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Using the Stepper–motor in Amateur Electronics

By Ewan Fisher Subscribe to RSS | January 6th 2012 | Views:

The stepper–motor is one of the most versatile pieces of kit in the amateur electronics enthusiast’s “cookbook”. The basic function of the stepper – motor is to divide rotations into incremental steps (each one an equal step). This is done by having a series of toothy electromagnets arranged around a central gear assembly.

Ordinarily the stepper–motor is brushless. It is a DC motor, and it always divides a full rotation. So long as you size the motor properly for your application or end use, it can be controlled extremely precisely without the need for using an open loop controller or other kind of feedback damper.

Please note that a stepper–motor is not a DC brush motor. A DC brush motor rotates in the instance of voltage being applied to its terminals, while the stepper – motor takes its power from those stepped electromagnets referred to above. The electromagnets are in turn powered by an external source, normally a microcontroller.

To make a step or incremental turn, a single electromagnetic tooth is given power. That attracts the closest gear tooth, which moves accordingly. The original electromagnet is then turned off and the next electromagnetic tooth in sequence is turned on. The tooth moves to align with the new source of electromagnetism. From this you can see that only one tooth on the gear wheel is magnetised at any single time.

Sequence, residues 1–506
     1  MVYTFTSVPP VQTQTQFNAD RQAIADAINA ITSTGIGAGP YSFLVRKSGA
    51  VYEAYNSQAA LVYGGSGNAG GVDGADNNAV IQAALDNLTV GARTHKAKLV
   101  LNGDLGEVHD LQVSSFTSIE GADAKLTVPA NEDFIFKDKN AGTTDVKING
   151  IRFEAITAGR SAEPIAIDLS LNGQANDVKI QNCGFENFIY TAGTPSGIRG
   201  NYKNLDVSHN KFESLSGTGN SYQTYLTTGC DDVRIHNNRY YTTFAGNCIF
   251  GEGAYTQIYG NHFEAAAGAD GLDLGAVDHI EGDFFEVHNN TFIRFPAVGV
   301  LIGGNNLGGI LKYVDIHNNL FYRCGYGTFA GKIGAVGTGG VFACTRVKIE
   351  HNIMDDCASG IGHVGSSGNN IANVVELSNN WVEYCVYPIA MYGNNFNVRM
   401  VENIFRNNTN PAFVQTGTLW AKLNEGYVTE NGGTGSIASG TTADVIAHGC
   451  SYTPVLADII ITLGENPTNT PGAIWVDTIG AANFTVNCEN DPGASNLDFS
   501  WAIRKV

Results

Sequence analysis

Because of its precise nature, the stepper–motor is excellent for amateur electronics creations that require a degree of finesse you can’t get with a normal DC brush motor. On the flip side, stepper–motors have a larger capacity for vibration than DC Brush motors. This is because the stepping motion made by the gear wheel naturally incorporates a jerking motion, referred to in the terminology as a “detent”. The gear wheel is moving in a magnetic field, which encourages a bouncing motion in each step: the tooth effectively bounces past the electromagnet to which it is attracted, and the magnetic attraction pulls it back into a settled place.

As a result of this jerking motion, the stepper–motor can be significantly louder than a DC brush motor. Both jerking motions and noise can be countered by ensuring first that the stepper–motor you are using is the appropriate size for the load; and that you use a stepper–motor with as many teeth as possible. The more teeth there are, the less travel there is between each electromagnetic nodule and so the less wavering there is in the gear wheel.

Note also that the power requirements for this kind of motor mean that direct digital control is not possible. Normally a motor controller of some sort is positioned between the digital interface and the windings of the motor. Please refer to online manuals and forums for more information before using a stepper–motor.

Ewan Fisher - About Author:
Proto-PIC is the best option for electronics enthusiasts when it comes to purchasing electronic components like Stepper–motor for creating their home electronics. Their range is cost-effective.

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